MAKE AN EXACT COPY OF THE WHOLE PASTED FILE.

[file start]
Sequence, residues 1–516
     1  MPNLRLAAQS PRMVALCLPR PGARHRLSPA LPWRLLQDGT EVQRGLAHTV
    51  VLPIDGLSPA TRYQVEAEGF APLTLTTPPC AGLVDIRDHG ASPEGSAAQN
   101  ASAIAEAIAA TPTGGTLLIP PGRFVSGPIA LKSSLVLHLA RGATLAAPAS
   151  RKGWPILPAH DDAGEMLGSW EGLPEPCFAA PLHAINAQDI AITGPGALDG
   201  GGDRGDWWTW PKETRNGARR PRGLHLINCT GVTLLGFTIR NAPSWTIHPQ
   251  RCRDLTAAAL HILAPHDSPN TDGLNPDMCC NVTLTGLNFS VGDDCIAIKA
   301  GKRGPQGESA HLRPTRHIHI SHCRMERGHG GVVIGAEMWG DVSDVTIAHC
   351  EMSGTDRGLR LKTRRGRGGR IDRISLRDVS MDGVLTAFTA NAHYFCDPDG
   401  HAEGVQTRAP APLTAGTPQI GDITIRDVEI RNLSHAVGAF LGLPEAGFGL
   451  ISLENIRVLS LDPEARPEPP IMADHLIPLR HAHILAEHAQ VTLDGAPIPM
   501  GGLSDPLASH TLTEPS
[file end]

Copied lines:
Sequence, residues 1–516
     1  MPNLRLAAQS PRMVALCLPR PGARHRLSPA LPWRLLQDGT EVQRGLAHTV
    51  VLPIDGLSPA TRYQVEAEGF APLTLTTPPC AGLVDIRDHG ASPEGSAAQN
   101  ASAIAEAIAA TPTGGTLLIP PGRFVSGPIA LKSSLVLHLA RGATLAAPAS
   151  RKGWPILPAH DDAGEMLGSW EGLPEPCFAA PLHAINAQDI AITGPGALDG
   201  GGDRGDWWTW PKETRNGARR PRGLHLINCT GVTLLGFTIR NAPSWTIHPQ
   251  RCRDLTAAAL HILAPHDSPN TDGLNPDMCC NVTLTGLNFS VGDDCIAIKA
   301  GKRGPQGESA HLRPTRHIHI SHCRMERGHG GVVIGAEMWG DVSDVTIAHC
   351  EMSGTDRGLR LKTRRGRGGR IDRISLRDVS MDGVLTAFTA NAHYFCDPDG
   401  HAEGVQTRAP APLTAGTPQI GDITIRDVEI RNLSHAVGAF LGLPEAGFGL
   451  ISLENIRVLS LDPEARPEPP IMADHLIPLR HAHILAEHAQ VTLDGAPIPM
   501  GGLSDPLASH TLTEPS